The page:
The First 90 Days

In the first 90 days of Food Improved Consulting Group, I have learned a great deal.  I can’t say most of the lessons were centered around food quality and safety, but rather they were centered around human interaction and camaraderie.  

You have cheerleaders out there that you don’t even know exist.  

A couple of things happen when you announce a new company on LinkedIn.  Your closest colleagues will be the first to comment, like, share, and follow.  They get your momentum going for the online algorithms.  But who stokes your internal momentum?  Those are your cheerleaders.  They may be friends from grad school that call with well wishes and promises to send business your way.  They might be professionals that you have worked with in previous roles that want to understand your business fully so they know when they can use you.  Both are heartwarming.  But there is a very special cheerleader that is your connection you haven’t heard from in 20 years but they have been watching your career from afar and have reached out to say they know you are where you need to be. We all have these cheerleaders and we are likely stalking someone ourselves and cheering them on silently.  

I will say from experience, I will no longer cheer silently.  

I will reach out because that quick note or phone call is an immense vote of confidence when you sit alone in your office and launch a new adventure.  Thank you to everyone that boosted me up.   

There is more than enough work to go around….it isn’t a zero sum game.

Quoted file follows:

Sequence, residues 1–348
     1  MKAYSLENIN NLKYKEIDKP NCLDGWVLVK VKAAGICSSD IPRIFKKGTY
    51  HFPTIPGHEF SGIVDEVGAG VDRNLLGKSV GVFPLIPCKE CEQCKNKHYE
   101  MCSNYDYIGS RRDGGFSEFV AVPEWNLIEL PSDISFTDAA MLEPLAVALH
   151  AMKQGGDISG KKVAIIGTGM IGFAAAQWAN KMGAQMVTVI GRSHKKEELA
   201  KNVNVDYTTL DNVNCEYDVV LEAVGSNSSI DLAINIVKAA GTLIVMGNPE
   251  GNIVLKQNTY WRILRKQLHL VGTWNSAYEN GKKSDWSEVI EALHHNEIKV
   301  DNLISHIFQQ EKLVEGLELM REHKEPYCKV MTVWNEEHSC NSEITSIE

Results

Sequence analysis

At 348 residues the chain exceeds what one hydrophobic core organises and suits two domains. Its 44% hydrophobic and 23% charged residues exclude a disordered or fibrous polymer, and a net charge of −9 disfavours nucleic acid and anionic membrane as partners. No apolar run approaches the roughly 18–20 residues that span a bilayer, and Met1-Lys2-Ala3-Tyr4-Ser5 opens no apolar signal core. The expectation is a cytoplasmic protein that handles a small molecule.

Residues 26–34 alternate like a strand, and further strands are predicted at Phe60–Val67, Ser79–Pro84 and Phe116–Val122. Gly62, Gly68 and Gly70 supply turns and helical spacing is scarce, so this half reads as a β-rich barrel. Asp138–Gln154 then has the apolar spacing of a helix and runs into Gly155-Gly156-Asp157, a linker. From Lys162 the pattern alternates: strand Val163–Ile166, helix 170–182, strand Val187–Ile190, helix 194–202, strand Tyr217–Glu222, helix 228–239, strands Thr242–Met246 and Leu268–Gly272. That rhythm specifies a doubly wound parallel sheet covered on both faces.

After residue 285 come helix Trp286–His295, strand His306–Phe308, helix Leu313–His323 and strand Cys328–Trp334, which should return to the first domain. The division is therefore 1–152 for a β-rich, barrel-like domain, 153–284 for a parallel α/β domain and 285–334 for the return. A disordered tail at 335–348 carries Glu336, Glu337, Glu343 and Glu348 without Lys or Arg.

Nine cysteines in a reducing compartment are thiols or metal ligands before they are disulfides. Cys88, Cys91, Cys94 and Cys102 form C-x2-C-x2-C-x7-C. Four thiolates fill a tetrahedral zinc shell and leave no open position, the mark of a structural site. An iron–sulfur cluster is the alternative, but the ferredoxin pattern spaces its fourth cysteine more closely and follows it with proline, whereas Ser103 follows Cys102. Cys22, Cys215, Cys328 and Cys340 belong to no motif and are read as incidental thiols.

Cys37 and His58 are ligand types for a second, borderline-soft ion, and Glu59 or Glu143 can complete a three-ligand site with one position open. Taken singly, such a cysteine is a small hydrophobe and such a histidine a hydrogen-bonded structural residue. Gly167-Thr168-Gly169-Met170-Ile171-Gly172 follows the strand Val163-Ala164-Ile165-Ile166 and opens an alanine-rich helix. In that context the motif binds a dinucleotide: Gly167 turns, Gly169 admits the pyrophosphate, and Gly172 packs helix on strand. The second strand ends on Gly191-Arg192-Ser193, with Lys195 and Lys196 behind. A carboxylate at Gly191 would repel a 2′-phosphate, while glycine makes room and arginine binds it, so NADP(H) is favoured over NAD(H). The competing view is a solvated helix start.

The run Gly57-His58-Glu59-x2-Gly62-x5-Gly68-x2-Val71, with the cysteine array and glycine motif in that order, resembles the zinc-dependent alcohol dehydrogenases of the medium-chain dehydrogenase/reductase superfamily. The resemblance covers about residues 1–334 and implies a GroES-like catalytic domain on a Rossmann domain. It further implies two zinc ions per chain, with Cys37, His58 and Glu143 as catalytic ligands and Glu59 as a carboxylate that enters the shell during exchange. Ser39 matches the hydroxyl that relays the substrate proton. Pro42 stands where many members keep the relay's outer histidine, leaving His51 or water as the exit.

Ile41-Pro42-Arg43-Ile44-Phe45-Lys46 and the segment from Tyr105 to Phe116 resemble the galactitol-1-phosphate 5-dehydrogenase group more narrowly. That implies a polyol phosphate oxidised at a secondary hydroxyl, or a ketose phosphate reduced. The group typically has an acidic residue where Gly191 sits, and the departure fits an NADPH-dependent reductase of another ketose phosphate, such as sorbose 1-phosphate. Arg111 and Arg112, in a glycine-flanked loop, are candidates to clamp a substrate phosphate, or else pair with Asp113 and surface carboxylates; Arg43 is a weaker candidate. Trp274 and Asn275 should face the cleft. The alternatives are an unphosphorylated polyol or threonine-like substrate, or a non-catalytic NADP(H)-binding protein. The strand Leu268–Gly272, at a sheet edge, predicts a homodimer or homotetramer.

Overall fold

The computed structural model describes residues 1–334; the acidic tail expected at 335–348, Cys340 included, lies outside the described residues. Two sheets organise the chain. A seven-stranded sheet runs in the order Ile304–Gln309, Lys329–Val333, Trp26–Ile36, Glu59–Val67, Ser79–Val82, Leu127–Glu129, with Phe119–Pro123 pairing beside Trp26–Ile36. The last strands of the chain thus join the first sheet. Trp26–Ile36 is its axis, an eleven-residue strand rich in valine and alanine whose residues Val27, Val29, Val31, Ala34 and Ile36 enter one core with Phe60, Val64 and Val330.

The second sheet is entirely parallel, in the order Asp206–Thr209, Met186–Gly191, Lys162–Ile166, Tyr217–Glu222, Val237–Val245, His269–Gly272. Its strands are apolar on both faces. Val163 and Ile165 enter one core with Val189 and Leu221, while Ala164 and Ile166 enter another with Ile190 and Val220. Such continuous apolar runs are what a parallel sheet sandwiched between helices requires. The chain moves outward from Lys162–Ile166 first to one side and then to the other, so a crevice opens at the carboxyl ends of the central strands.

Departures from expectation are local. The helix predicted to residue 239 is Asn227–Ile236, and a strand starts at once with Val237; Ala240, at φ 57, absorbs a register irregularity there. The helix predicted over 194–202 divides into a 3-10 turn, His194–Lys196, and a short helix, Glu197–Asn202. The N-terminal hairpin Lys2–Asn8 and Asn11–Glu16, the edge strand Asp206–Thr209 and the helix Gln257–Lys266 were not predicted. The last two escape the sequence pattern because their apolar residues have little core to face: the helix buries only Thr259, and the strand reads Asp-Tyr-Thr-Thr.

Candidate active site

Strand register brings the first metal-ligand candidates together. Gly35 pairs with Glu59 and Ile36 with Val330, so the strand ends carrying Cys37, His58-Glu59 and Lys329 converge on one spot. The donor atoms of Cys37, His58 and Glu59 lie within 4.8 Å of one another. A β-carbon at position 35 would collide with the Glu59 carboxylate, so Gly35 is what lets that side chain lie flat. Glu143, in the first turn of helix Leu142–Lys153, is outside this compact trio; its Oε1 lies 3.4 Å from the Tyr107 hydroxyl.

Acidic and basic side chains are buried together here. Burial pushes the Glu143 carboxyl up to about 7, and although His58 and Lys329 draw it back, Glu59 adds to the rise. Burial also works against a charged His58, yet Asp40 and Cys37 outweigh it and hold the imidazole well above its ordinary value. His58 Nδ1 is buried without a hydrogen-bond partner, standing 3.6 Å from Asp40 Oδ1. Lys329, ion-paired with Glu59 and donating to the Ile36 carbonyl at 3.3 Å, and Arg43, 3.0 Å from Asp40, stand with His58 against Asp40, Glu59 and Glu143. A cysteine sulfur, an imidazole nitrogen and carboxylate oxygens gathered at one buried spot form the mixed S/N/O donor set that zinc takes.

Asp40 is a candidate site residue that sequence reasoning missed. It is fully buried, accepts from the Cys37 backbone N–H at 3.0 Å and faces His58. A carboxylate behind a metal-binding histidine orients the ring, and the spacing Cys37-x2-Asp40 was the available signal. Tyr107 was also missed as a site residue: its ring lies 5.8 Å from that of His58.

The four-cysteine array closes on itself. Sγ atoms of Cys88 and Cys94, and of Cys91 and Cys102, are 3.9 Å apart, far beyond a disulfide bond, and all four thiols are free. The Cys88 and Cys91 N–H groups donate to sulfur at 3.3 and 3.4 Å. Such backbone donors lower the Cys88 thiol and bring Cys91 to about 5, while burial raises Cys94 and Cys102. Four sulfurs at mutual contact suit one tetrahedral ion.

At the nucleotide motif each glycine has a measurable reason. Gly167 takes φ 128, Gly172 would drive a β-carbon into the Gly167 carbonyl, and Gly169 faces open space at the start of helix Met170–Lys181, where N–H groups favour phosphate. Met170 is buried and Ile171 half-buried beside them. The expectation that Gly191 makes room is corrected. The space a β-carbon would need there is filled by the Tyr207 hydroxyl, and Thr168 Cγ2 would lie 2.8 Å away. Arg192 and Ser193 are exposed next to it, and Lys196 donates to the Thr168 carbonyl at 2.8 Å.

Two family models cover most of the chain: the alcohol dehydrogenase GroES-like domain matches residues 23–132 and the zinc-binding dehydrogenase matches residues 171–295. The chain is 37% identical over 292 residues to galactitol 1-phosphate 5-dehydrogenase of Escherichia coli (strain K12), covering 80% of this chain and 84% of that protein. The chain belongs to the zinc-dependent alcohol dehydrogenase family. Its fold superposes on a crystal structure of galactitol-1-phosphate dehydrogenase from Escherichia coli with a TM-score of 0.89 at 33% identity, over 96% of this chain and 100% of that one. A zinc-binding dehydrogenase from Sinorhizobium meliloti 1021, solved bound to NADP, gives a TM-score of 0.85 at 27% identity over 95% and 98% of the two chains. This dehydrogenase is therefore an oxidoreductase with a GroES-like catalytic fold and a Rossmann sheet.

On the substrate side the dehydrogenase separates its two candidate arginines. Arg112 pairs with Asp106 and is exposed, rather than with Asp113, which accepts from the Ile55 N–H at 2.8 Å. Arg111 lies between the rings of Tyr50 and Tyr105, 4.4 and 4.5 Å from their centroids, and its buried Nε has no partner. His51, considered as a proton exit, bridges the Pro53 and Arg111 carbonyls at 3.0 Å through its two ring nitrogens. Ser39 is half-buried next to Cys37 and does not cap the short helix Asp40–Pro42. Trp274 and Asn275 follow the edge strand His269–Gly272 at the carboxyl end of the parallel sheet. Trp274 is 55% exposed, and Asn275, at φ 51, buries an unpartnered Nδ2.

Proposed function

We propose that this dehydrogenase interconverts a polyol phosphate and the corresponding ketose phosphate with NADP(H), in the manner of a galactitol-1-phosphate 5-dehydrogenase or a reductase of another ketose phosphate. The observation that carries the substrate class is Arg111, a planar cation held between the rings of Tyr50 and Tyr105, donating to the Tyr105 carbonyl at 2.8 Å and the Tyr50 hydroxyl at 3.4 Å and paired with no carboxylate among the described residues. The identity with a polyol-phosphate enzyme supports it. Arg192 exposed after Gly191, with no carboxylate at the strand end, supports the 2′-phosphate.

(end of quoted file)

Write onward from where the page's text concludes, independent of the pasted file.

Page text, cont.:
The first group in my professional network that I reached out to were other consultants.  I wanted to hear their stories and understand their trajectories.  They were excited for me and each shared lessons learned along the way.  The biggest lesson being that there is plenty of work to go around.  To build on that, during my first 90 days I watched as the tech sector led the way in layoffs and other industries also tightened their belts and let many full-time employees go.  As sad as that is to experience, it doesn’t mean there is less work to do, but rather the opportunity to do it on a project by project basis.  I was watching the labor pool shrink and the demand for work product remain the same.  In my first week of work I farmed out 3 projects that were outside of my expertise but fit well with other consultants.  Deposit in the karma bank:  check!  

Stage fright is still a real thing.

I’m woman enough to admit that I’m more of a watch the movie, rather than read the book kind of gal.  The same goes for my penchant for creating videos rather than lengthy written LinkedIn posts.  For me videos are the way I like to connect with people–you see, hear, absorb inflection, and register body language.  I learned that I am definitely in the minority!  So many people reached out to say they love the videos but they don’t think they could ever do it.  My advice:  market yourself the way you enjoy—those vibes come through!  (And a good ring light never hurt anyone.)

Storytelling is a valuable skill.   

Once upon a time, I sat through a number of storytelling workshops at professional meetings.  They are usually centered around telling a story with your data, rather than reporting a bunch of statistical findings. That is a useful skill but I think that is only the tip of the iceberg.  We live in an age of fast information and fast decision making.  If the facts presented are two-dimensional they may be easy to understand, but fall short of communicating the magnitude of a problem or solution.  However, if the audience can be immersed in a scenario where they can discover opportunities, stumble over hurdles, and bask in a success the facts will be understood, remembered, and register as much more impactful information.  Storytelling gives strangers the ability to meet half-way, to try things on, and play out possibilities.  The more we can storytell the smaller the planet gets, the more trust that is built, and the more collaboration happens.  We all lived happily ever after.  The End.